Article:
SisterB and family came to visit over Christmas, and top of their list of things to do was "go for dimsum and have some of those meat buns". If you are visiting Hong Kong, you should follow their lead and make sure to keep at least one lunchtime free to go and eat dimsum.
What is dimsum ? I first asked that question in London's Chinatown, as many of the restaurants there advertise that they serve dimsum. The Chinese man I spoke to said "dumplings", which meant I didn't try them until several years later when I came out to Hong Kong (if you know what an English dumpling is like, and then imagine trying to eat a whole lunch of them, you'll know why!).
If you make a direct translation of the two Chinese characters, you get Dim=Touch, Sum=Heart -- you'll see tourist guides telling flowery tales of how "the food is so delicious it touches your heart". I'm not sure if anyone knows why that combination of words really got chosen , people just know that dimsum means the type of meal where they serve, umm, dimsum !
Here's a bunch of pictures that should give you an idea of what you are in for. Each plate or basket only has two or three small helpings so can try a whole bunch of different stuff. The idea is similar to Spanish tapas, though the food obviously isn't ! I'd recommend you start with the "Steamed BBQ Pork Buns" ("Cha Siu Baau" in Cantonese) that SisterB was looking for, as these always seem to be a favourite. Otherwise anything on that list should go down well. Even the chickens' feet taste good if you can ignore what it is that you're eating.
Your hotel should be able to recommend you some local places to try dimsum, and your hotel restaurant probably serves them too. There are some local recommendations provided below.
Some restaurants have little carts that the servers push around, each one stacked up with a selection of different dimsum. These are the easiest on new visitors, as you can just lift up the lids and point at what you fancy (each stack of baskets is all the same food, so there's no need to look beyond the top layer). Other restaurants will have a printed slip listing all the different types of dimsum on offer. Usually these are written in Chinese, so you might want to print out the page of pictures shown above, and take that with you to point at. Worst case, just ask for their recommendation and you probably won't go wrong.
If you are staying here longer-term, trips to eat dimsum will be fairly common. You'll most likely be asked if you want to go to "Yum Cha", which literally means "Drink Tea", but expect to eat dimsum as well. Expect to see a different crowd of fellow diners, depending on the time of day and day of the week that you go. If you end up having pre-dawn dimsum after a night on the town, you'll be sharing it with other early birds who are getting ready to start an early shift, or grandads taking their songbirds out for an early morning walk. Later in the morning it moves to people meeting for breakfast after morning-exercise, or just meeting up with their friends as part of their daily ritual. Mayhem breaks out around 12:30 on weekdays, when the lunchtime rush starts -- the volume in the restaurant at this time is similar to playtime in a school playground.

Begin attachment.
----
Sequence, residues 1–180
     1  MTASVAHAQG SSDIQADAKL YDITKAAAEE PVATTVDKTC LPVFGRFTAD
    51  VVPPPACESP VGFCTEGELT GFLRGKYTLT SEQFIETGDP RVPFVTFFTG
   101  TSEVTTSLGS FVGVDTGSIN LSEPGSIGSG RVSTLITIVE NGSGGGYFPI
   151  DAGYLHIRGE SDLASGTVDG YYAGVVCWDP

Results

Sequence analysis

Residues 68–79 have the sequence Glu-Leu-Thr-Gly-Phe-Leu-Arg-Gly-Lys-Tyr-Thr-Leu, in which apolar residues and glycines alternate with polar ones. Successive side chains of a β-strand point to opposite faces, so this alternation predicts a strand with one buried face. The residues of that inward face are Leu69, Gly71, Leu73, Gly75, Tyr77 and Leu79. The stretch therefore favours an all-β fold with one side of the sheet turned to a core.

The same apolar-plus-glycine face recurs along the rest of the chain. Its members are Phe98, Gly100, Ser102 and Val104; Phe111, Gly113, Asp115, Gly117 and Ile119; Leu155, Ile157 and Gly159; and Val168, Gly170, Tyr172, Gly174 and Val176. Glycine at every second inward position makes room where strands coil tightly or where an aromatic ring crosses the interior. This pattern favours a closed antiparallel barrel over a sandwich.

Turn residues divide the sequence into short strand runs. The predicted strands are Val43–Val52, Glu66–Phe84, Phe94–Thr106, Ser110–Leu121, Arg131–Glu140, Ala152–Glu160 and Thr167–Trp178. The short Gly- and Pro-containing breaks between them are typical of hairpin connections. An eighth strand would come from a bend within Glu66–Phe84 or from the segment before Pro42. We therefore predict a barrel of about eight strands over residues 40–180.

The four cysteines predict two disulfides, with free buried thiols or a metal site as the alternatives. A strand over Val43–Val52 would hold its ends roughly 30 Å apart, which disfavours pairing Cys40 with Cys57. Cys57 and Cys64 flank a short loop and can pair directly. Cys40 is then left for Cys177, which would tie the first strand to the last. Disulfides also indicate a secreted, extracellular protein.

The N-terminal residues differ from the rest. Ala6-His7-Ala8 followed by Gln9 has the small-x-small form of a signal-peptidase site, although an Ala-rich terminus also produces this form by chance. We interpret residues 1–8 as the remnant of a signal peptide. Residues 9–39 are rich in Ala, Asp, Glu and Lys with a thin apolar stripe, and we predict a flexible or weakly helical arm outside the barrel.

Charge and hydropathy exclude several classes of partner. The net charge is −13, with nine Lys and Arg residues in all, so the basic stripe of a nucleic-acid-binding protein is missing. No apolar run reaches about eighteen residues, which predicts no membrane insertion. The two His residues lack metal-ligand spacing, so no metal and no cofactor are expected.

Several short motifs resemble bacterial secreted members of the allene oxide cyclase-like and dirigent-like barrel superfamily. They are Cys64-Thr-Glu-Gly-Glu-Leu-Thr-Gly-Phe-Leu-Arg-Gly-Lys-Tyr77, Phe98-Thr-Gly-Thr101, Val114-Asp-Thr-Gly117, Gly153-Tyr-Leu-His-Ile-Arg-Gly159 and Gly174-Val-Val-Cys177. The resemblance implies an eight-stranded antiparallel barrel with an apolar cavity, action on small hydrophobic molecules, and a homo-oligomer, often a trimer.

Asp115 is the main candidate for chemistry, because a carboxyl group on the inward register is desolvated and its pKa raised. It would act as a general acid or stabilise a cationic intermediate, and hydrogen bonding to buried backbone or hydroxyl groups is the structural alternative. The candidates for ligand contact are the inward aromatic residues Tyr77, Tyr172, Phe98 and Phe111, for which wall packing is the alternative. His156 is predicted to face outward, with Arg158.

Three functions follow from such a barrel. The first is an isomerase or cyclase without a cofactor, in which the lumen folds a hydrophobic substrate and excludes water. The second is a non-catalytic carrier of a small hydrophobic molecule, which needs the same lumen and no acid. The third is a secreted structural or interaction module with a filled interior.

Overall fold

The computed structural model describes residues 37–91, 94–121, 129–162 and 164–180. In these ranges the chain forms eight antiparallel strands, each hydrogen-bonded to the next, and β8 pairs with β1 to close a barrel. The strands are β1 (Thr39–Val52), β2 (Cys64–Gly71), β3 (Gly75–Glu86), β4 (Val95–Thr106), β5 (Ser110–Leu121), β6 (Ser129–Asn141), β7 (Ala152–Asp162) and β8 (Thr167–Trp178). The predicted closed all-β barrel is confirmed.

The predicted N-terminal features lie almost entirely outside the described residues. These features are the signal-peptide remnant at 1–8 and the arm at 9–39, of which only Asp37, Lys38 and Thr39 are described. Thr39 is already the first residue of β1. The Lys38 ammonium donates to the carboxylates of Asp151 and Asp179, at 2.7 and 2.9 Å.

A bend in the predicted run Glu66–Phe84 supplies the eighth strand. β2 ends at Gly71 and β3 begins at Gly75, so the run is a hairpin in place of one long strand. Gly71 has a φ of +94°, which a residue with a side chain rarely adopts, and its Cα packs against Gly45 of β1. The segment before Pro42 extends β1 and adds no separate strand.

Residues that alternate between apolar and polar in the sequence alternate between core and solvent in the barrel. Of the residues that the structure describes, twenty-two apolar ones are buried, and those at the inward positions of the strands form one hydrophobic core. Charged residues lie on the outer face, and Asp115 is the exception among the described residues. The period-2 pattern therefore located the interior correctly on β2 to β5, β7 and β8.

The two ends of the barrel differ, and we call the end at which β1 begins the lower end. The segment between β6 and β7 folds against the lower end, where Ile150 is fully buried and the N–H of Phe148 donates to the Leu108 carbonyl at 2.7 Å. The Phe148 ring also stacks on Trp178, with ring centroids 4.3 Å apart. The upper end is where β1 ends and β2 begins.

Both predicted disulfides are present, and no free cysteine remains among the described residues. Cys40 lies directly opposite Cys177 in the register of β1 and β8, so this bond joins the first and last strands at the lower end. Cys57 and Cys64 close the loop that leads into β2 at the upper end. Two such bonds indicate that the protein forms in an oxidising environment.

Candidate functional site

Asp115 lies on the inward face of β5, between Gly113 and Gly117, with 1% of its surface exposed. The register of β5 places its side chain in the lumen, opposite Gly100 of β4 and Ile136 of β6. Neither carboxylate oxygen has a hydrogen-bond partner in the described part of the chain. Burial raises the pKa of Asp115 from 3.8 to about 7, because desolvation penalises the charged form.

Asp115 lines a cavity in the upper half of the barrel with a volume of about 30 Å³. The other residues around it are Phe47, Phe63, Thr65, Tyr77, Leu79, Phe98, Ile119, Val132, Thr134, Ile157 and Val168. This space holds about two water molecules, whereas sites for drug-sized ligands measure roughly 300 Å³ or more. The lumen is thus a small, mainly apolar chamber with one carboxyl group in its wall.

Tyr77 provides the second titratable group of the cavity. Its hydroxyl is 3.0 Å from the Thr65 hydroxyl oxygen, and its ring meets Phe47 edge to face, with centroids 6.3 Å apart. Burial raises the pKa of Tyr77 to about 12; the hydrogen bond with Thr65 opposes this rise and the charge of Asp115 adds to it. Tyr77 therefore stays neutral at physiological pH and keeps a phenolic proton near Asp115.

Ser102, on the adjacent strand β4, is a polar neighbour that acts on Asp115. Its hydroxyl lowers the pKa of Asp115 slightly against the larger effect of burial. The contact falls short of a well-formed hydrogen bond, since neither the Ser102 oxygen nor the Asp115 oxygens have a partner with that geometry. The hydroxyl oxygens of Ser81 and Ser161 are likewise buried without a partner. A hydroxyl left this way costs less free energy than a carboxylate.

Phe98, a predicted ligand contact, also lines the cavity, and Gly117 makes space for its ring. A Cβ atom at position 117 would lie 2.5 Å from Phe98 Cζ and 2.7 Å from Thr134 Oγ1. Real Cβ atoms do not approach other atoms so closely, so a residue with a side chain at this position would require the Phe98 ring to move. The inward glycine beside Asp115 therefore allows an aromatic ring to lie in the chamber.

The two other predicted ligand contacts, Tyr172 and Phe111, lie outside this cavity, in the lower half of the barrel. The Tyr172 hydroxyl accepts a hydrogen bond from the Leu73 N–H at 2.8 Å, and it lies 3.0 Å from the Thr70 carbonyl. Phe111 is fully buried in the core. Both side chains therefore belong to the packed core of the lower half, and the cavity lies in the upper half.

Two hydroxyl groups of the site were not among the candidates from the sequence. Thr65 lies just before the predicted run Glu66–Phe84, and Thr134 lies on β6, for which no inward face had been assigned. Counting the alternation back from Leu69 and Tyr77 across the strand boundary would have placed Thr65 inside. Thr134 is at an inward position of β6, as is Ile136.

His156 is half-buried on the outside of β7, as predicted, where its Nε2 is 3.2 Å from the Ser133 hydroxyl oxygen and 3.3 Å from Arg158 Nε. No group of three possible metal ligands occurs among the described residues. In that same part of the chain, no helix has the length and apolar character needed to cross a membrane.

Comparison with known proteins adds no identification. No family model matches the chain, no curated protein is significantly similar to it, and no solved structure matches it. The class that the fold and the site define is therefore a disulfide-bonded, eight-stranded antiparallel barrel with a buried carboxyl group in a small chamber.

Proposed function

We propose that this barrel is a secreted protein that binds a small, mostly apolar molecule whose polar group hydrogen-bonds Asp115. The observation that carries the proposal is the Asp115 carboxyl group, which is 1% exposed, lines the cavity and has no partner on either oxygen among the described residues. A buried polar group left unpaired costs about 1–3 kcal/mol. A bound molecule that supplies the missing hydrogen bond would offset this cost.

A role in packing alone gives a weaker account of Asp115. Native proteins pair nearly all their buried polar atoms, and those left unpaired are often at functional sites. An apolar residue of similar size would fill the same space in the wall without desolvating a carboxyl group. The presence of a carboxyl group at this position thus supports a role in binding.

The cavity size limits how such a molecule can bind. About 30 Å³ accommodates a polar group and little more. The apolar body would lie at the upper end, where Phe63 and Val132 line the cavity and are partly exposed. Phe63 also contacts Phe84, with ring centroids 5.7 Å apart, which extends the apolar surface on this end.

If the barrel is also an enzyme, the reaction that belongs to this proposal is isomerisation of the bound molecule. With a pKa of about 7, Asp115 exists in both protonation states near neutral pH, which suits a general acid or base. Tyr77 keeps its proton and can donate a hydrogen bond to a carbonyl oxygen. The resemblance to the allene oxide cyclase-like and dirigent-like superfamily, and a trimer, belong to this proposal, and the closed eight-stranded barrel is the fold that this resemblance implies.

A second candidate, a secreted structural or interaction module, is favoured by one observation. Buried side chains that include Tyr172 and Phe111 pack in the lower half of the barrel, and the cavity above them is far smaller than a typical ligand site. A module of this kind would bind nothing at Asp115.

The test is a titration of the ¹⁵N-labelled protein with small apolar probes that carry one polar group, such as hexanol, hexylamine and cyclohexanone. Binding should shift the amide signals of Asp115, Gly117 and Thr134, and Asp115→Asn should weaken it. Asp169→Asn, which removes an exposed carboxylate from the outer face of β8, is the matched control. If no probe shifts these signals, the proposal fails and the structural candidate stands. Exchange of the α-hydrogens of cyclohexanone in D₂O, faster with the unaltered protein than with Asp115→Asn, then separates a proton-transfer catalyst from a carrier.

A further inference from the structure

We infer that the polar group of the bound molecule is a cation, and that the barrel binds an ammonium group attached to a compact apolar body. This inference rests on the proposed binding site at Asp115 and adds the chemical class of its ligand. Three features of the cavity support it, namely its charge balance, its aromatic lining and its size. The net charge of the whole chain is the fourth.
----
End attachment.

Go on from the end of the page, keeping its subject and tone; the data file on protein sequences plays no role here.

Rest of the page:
Weekends are different again, as many families make it a habit to meet for dimsum on a Saturday or Sunday. Some restaurants deal with the crowds by making you collect a ticket at the door, and wait until your number is called. Other places take a survival-of-the-fittest approach and let you find your own table. This means you have to decide which table is closest to asking for their bill, then go and hover over them until they go. The standard way around this is to nominate someone to get to the table early and grab the table -- this explains the tables you see that are set for eight but just have dad sitting alone with a pot of tea and the racing section of the newspaper.
Enjoy yourselves, and if you find a good restaurant please write in and let us know.
From Mr B:
My first suggestion is to eat at the City Hall Maxim's Palace -- it's convenient for visitors, and although there is usually a queue to get in (make sure you get your numbered ticket when you first arrive), the food is always good. More details can be found here.
My favourite place for Dim Sum is the Ho Choi restaurant in Sheung Wan -- but I always have to wander around a couple of blocks before I find it, so that'll have to wait until I've got the address clear.
Suggestions from readers:
If you have any recommendations of visitor-friendly restaurants or dim sum-related stories, all contributions are gratefully received !